1. We stopped our spraying programme too soon in the season. We should maintain a regular spraying programme with the biodynamic preparations right through past veraison until the grapes are approaching full ripeness.

2. We should spray all the vines, including those in nursery beds, and the perimeter of the vineyard.

3. We have learned what downy mildew looks like and how rapidly it spreads. We should pinch out the affected leaves as soon as we notice hem and, failing that, spray with sulphur to suppress the outbreak.

4. Past a certain point the loss of leaves from the vine slows down and then stops ripening altogether. Therefore it is mistaken to expect that ripening will outrun a disease outbreak at the end of the season, especially on late ripening varieties like the Pinto Noir.

I ran exactly the same spraying programme on my allotment vineyard in Hackney and had outbreaks of bunch rot on the Madeleine Angevine and downy mildew on the Kubishevksy vines. This was the first time I’d seen downy mildew on the allotment, but I didn’t recognise it in time. It went all over the grapes,  so I had to cut away the biggest crop of Kubishevsky I’d ever had and let the fruit decay back into the soil. As for the rot on the Mad Ange, I learned that you can’t control its spread simply by removing affected berries or even whole bunches. Once its present on the vines its time to harvest the grapes within 24 hours.

Grow your own wine

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Saturday 25 January 2014, 9.30am-4pm

Hawkwood Vineyard and Winery

115 Hawkwood Crescent, Chingford E4 7UH

This one day course will look at everything to do with growing grape vines. It is particularly suited to small scale urban growers. No previous experience is needed to join in.

The course will be based at Organiclea’s Hawkwood growing site, and will involve practical work and demonstrations in the vineyard. We will practice winter pruning on the vines that are growing here. The classroom-based sessions will include the following topics: annual growth cycle of the grape vine; the annual calendar of work with the grape vine from infancy to maturity;  use and care of tools; propagating, planting and replanting vines.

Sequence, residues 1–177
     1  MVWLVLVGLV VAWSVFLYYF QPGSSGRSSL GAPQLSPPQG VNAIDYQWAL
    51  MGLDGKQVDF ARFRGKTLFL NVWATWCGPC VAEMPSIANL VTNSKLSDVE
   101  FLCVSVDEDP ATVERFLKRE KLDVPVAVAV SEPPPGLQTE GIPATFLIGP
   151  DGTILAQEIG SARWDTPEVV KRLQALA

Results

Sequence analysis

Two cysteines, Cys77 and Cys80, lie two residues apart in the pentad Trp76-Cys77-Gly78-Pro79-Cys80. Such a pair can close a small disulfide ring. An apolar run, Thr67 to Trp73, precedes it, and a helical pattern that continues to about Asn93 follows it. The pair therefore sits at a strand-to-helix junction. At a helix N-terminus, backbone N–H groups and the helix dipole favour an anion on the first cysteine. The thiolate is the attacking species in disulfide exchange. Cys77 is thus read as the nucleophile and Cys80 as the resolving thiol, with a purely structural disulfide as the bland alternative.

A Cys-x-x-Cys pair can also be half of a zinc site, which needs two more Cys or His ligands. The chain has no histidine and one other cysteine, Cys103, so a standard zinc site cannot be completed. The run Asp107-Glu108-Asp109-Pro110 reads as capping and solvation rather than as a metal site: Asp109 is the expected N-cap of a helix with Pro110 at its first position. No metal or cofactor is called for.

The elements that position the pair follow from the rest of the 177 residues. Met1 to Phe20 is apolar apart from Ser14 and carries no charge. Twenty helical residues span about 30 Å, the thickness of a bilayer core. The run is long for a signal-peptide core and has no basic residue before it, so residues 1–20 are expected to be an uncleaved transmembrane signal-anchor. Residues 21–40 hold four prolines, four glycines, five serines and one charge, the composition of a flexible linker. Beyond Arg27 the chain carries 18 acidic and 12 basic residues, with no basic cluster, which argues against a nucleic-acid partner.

The course is led by Marko Bojcun who has been growing vines and making wine in Northeast London for over 20 years. He is an experienced tutor and member of Organiclea.

For information about fees and to register your place on the course visit the Organiclea website at: http://www.organiclea.org.uk/2013/12/grow-your-own-wine-grapevine-course/

Got some grapes? Join our wine making scheme

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A bottle of River Lea Red 2011

Do you grow grapes in your garden or allotment that you would like to have made into a clean and pleasant tasting wine? If so, then local community food co-operative Organiclea is inviting you to bring your harvested grapes to its Hawkwood Winery this autumn. The Hawkwood Winery is the first in London since the Middle Ages. It has been built to produce wine from Organiclea’s vineyard on site and on behalf of other small scale growers.

The Hawkwood Winery will accept grapes from households, put them together into two separate batches to make red and white wine, and then return the finished wine to the participating households in the proportion of grapes they have delivered to this year’s vintage.

The minimum individual delivery that the winery will accept is 7 kilos/15 pounds, or one full bucket of ripe, clean grapes. You can expect to get five bottles of wine from 7 kilos of grapes. The amount of wine you receive will be proportionate to the weight of grapes you contribute.